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Yield farming has been a hot topic in the DeFi community for some time, and has become one of the most trendy ways to explore passive income through cryptocurrency. But while it’s growing in popularity, it’s not exactly straightforward and there are nuances and intricacies in the space that make it complex for first-time traders stepping into the world of cryptocurrency and decentralised finance.
What is yield farming?
To compare yield farming to legacy finance, think of the act of putting money in a bank: Banks typically provide varied interest rates to customers who hold their money in deposits over the years. For your deposits, you get an annualised interest rate from the bank.
This is similar to yield farming in the DeFi space. Users lock their funds with a certain protocol (such as Compound and Balancer), which then lends the funds to those who need a loan. The platform rewards users for locking their assets and occasionally split a portion of the fees for granting the loan with them.
The revenues received by lenders through interest rates and fees are less important. When it comes to genuine payout, the units of new crypto tokens from the loan platform are where the maximum profit comes in. When the value of the crypto lender’s token rises, the user will make a purchase.
The rise of yield farming
In terms of total value locked (TVL) in dollars, the DeFi space is expected to increase at a rate of 150% over the next year. In comparison, the cryptocurrency market capitalization has expanded at a pace of only 37% thus far.
Many analysts attribute this year’s phenomenal success in the DeFi market to yield farming. It involves both investors and speculators, who provide liquidity to lending and borrowing platforms.
Yield farming: The solution to DeFi’s liquidity problems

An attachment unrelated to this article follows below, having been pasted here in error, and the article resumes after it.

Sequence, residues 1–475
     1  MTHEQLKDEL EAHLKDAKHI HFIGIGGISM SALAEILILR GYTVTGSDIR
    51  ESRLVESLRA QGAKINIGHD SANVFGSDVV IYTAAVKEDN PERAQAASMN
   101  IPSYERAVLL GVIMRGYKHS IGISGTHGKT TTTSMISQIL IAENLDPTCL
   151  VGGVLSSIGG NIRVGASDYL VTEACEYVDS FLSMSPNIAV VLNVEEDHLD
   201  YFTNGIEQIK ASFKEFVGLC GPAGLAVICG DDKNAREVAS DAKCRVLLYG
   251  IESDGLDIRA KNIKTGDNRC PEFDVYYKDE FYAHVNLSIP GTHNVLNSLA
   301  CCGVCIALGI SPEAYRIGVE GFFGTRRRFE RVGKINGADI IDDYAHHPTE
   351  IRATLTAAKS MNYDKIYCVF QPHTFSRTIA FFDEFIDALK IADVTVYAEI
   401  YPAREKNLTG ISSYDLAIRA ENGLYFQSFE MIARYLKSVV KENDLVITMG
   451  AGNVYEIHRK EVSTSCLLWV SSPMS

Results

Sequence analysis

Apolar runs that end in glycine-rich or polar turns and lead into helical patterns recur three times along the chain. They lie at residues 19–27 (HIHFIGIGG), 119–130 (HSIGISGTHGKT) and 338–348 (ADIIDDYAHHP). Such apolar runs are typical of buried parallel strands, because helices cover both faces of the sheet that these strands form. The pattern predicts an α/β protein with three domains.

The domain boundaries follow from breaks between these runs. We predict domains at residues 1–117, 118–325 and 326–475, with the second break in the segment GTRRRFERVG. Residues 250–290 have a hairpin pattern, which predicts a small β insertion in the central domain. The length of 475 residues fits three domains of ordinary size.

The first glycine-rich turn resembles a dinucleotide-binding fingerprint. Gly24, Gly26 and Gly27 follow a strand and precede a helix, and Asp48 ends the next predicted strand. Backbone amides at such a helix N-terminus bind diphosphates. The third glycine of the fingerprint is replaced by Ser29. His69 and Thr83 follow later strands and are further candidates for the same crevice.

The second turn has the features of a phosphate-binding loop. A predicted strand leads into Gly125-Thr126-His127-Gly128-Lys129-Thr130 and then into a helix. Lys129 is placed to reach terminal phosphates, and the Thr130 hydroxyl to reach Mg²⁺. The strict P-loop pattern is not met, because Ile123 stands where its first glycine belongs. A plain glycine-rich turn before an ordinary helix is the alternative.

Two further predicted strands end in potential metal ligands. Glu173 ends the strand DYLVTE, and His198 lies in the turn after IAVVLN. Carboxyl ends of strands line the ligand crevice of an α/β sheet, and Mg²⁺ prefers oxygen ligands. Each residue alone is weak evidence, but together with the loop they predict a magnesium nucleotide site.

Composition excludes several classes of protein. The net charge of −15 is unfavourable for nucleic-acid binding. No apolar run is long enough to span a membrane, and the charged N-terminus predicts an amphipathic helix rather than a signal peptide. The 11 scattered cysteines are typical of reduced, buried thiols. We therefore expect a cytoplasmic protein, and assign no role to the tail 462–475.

While banks might offer loans, there’s a great deal of red tape and administrative logistics to jump through before a person can get a loan. In DeFi, loans are a lot more accessible, but they require liquidity first. DeFi users over the world are the solution to providing necessary liquidity in the space. Many platforms look to recruit long-term holders (HODLers) to add to liquidity pools by offering them incentives for their assets.
Borrowing from other users is becoming increasingly prevalent. In the future, it may potentially compete with borrowing from debt investors and venture capitalists.
What is the connection between yield farming and liquidity pools?
Fees are charged to liquidity providers via platforms like Uniswap and Balancer. They provide rewards as an incentive for increasing liquidity in the pools.
Every time someone trades through the liquidity pool, the liquidity providers receive a portion of the platform’s fee. Because of the recent surge in DEX trading volumes, Uniswap’s liquidity providers have received good profits.This liquidity pool is the way for those lending their funds to earn rewards from the platform and a way for the platform to increase their liquidity.
Curve, finance made simple
One of the top DEX liquidity pools is Curve. It was built to provide an efficient way of trading stablecoins. The platform now supports USDT, USDC, TUSD, SUDS, BUSD, DAI, PAX, and BTC pairings and uses automated market makers to facilitate transactions with minimum slippage.
Curve is also supported by automated market makers in keeping transaction fees low. In the first few months after its launch, it became one of the largest platforms in the industry. Curve’s performance has outperformed some of the industry’s biggest brands in yield farming. Curve is currently ahead of Balancer, Aave, and Compound Finance and it is popular among arbitrage traders because it provides significant savings during deals.